So here’s our challenge: Jesus tells us to put down our swords and to pick up His book. Yet in His book (the Old Testament) we read of several holy wars. What to  think?

Let’s examine the central act of violence brought up in these discussions – the conquest of the promised land, commanded in Deuteronomy, fulfilled in Joshua. (For further reading see Paul Copan’s Is God a Moral Monster?)

The Conquest of Canaan

For 400 years Canaanite cultures were involved in child-burning and other grotesque evils (Genesis 15:13-16; cf “Molech”, Lev 18:21). The Lord gave them centuries to repent of it – considerably longer than any other “just war” ever launched. He then, through His people, visited them with a one off, unrepeatable judgement. It had nothing to do with race – this was not genocide. Later on, when the Israelites were also guilty of such sins, they too were judged.

Every Canaanite who ever sought mercy from the Israelites was spared (see Joshua 2&9). Certainly, prior to the conquest, God speaks the language of total destruction (Deut 20:16-18). Yet Copan argues that this was well understood in the day as militaristic hyperbole. The language of “driving out” precedes and predominates over language of “wiping out” (Deut 7:17-24; 9:1-6). And when Joshua sums up his achievements, he considers that he’s done what Moses had commanded – this, in spite of the fact the Canaanites were not fully driven out, let alone wiped out. (see Joshua 23-24; Judges 1)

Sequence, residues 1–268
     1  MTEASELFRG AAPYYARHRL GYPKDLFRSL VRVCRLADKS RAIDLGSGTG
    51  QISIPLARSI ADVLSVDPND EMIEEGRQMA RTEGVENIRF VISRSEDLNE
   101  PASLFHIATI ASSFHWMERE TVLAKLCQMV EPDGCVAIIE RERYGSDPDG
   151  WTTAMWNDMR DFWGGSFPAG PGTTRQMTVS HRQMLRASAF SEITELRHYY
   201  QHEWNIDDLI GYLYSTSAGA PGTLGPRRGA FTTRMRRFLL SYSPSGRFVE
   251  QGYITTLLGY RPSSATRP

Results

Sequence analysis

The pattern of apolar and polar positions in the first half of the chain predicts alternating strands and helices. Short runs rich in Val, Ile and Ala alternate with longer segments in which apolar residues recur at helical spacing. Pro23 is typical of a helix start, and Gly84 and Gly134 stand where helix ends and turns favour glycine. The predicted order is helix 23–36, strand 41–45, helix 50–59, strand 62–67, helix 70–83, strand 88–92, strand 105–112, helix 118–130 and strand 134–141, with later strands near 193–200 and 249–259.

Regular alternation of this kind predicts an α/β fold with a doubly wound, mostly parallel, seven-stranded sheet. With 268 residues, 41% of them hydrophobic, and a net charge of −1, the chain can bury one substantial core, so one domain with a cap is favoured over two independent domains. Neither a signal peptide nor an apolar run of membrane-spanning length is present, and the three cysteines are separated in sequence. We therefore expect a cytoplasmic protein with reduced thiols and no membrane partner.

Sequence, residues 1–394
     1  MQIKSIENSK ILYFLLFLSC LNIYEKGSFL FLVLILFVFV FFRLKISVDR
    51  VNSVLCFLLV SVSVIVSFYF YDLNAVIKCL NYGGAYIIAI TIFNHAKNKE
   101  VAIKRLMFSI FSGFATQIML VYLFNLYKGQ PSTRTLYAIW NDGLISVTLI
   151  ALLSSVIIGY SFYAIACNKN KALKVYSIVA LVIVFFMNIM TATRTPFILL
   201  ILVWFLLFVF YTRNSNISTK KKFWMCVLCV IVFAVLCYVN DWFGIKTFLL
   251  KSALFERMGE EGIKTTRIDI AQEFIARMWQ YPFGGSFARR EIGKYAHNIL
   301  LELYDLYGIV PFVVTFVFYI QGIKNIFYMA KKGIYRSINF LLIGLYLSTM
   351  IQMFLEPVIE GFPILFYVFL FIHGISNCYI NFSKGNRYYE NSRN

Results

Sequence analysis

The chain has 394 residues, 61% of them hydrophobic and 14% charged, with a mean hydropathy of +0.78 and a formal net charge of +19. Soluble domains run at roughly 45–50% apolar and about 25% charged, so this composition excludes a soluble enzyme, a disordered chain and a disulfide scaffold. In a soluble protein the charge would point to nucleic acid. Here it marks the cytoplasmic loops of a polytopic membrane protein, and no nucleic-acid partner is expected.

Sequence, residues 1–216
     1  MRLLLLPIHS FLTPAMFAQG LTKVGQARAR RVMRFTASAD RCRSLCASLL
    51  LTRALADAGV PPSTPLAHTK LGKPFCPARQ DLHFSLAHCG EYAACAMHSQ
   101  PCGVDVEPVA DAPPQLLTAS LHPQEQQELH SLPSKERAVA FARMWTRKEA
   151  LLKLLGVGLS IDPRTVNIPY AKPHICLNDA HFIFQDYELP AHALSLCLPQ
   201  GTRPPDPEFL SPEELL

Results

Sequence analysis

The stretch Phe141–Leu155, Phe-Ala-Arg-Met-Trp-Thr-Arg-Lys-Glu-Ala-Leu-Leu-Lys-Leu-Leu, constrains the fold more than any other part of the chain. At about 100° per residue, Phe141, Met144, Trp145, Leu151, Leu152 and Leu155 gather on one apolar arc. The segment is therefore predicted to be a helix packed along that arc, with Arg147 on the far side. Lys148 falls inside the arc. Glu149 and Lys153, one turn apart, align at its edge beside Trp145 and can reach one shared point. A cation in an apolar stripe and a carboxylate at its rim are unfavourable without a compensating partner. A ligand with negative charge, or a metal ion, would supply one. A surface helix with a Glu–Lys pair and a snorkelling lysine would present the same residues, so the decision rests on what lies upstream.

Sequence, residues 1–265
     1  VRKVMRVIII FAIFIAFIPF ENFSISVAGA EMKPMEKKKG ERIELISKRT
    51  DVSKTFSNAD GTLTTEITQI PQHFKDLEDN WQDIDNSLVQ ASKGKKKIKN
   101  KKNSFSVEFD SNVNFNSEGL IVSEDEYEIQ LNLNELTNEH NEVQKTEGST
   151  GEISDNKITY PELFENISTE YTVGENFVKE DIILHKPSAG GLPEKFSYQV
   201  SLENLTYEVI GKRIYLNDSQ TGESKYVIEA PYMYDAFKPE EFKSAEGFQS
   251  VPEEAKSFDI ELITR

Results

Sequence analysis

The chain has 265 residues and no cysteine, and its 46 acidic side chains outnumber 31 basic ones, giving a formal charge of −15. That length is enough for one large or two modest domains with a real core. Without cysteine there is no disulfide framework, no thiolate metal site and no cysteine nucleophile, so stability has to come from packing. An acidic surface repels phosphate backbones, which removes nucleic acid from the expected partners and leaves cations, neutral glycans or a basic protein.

Judgement and Grace

Having said this, these stories still shock. God is not a Rotarian. There is blood and fire to this Righteous Judge – in both Testaments. But remember three things:

First, we often complain that God should do more about evil in this world. When He gives us this one-off, unrepeatable pre-figurement of His righteous judgement, we cannot then complain at His intervention!

Second, the Bible makes it clear we are all moral and spiritual Canaanites. We all need the mercy shown to Rahab in Joshua 2. This is what Jesus provides, absorbing the fire and justice on the cross and providing us with refuge.

Third, in Jesus we are brought into a realm beyond judgement – a realm of cheek-turning, enemy-forgiving love (Colossians 1:13-14). Thus the New Testament views these ancient wars as types of our own campaign of peace (2 Corinthians 10:1-5; Ephesians 6:10-20). ‘Christian violence’ is a contradiction in terms.

In the end, the problem of violence does not lie in millennia old Hebrew wars but in our hearts. The solution is not to reject Jesus or His book. The only answer is Jesus Himself – the Judge who became our Refuge.